A Redwood Run

It has been a few years since we attempted a destination run. The type where we run for the scenery, the physical gravitas of one’s surroundings, and the joy of camaraderie among one’s fellow runners. As we ran through the redwood forests, I thought to myself how marvelous it was to run and run like a true child of the Earth without urban buildings, construction noise, and piles of concrete. Even the gray road through the forest felt poetic and somehow attuned to its surroundings. (Well, maybe the double yellow lines were a bit jarring, but the gray road didn’t feel quite so intrusive) 


After a chaotic start to the half-marathon, it took some time for us to settle into the run. The traffic jams were horrendous – the husband’s implacable optimism about making it to the start line on time was a bit misplaced, especially when we could see other runners leap out of their cars and run to the start line (adding a good mile to their already long runs). Our group  of runners were split between two cars and by the time the bibs were collected and we started the race, it was a good 20 minutes past the race start. To make matters worse, the officials were adding to the confusion yelling to all in the vicinity that they would be removing the starter mats that record time. We were thoroughly frazzled as we ran across – not at all sure it had recorded our run, but we ran anyway.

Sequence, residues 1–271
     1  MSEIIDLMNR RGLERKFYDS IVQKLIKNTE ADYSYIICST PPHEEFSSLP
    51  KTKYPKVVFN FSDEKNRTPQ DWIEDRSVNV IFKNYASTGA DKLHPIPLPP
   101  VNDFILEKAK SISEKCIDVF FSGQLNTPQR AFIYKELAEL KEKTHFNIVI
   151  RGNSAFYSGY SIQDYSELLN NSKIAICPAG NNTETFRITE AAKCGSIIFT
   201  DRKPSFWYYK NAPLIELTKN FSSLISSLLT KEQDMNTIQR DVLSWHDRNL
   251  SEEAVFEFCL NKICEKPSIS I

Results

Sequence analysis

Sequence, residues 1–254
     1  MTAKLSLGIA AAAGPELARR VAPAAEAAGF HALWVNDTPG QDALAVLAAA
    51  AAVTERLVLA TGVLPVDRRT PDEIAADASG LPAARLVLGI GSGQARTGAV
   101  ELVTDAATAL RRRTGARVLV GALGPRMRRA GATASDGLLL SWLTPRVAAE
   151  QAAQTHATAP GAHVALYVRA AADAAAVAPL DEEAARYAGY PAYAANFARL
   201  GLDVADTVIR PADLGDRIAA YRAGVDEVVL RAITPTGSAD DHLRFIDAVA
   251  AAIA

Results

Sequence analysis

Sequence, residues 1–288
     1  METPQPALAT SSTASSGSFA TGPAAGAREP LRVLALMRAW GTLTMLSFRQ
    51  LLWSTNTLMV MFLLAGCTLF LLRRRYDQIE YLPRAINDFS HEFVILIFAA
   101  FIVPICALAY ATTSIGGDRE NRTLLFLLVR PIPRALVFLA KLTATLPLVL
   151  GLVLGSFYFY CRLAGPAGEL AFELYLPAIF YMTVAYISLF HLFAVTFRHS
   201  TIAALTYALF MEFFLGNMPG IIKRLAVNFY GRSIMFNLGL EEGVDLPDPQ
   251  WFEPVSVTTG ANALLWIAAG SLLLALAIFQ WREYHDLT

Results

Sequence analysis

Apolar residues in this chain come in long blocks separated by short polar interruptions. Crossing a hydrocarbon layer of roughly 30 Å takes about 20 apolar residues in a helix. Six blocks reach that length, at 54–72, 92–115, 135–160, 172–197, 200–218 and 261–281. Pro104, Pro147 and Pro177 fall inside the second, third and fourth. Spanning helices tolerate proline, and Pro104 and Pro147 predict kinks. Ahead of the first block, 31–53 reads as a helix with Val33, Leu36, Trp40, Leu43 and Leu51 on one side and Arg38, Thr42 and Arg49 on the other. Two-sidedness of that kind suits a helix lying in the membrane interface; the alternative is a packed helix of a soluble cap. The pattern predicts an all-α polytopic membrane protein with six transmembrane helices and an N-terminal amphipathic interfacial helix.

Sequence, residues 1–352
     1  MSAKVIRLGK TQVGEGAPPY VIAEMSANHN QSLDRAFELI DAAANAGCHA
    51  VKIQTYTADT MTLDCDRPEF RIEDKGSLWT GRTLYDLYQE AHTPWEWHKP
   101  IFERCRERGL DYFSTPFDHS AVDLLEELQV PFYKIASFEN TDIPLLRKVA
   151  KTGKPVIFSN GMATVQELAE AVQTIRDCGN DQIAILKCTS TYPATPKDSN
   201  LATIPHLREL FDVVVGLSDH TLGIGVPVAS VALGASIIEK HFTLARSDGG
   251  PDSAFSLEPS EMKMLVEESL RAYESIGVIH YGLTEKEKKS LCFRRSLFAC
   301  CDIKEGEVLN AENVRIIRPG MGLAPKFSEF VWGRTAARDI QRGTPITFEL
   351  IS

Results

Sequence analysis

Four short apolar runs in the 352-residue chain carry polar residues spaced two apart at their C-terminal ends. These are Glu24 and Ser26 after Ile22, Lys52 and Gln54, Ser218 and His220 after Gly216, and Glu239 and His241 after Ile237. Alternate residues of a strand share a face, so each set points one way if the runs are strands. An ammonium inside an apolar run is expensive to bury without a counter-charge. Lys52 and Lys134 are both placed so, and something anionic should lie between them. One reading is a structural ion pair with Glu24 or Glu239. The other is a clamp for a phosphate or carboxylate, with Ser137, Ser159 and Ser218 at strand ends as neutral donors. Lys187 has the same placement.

The son ran a 10K, while the husband and I ran the half-marathon. The son having age and weight on his side flew on, while we huffed and puffed behind him trying to keep up. This resulted in a shin injury for the husband (which, he told me later, almost had him wondering whether he should do a 10K instead. Coming from the sun-is-shining husband, this must’ve been a serious enough injury) However, some stretches and slow miles later, he seemed to be in a better shape.